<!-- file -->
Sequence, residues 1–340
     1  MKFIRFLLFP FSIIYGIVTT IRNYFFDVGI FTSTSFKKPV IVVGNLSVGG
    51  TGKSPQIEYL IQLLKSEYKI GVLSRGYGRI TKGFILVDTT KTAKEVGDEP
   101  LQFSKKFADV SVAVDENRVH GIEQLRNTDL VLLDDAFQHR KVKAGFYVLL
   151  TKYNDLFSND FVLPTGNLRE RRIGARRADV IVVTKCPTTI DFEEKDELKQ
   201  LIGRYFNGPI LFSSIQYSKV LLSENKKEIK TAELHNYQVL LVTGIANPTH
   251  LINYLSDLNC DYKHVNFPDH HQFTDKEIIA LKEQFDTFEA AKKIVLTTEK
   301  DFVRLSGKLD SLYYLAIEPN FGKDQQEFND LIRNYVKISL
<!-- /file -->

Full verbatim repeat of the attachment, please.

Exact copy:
Sequence, residues 1–340
     1  MKFIRFLLFP FSIIYGIVTT IRNYFFDVGI FTSTSFKKPV IVVGNLSVGG
    51  TGKSPQIEYL IQLLKSEYKI GVLSRGYGRI TKGFILVDTT KTAKEVGDEP
   101  LQFSKKFADV SVAVDENRVH GIEQLRNTDL VLLDDAFQHR KVKAGFYVLL
   151  TKYNDLFSND FVLPTGNLRE RRIGARRADV IVVTKCPTTI DFEEKDELKQ
   201  LIGRYFNGPI LFSSIQYSKV LLSENKKEIK TAELHNYQVL LVTGIANPTH
   251  LINYLSDLNC DYKHVNFPDH HQFTDKEIIA LKEQFDTFEA AKKIVLTTEK
   301  DFVRLSGKLD SLYYLAIEPN FGKDQQEFND LIRNYVKISL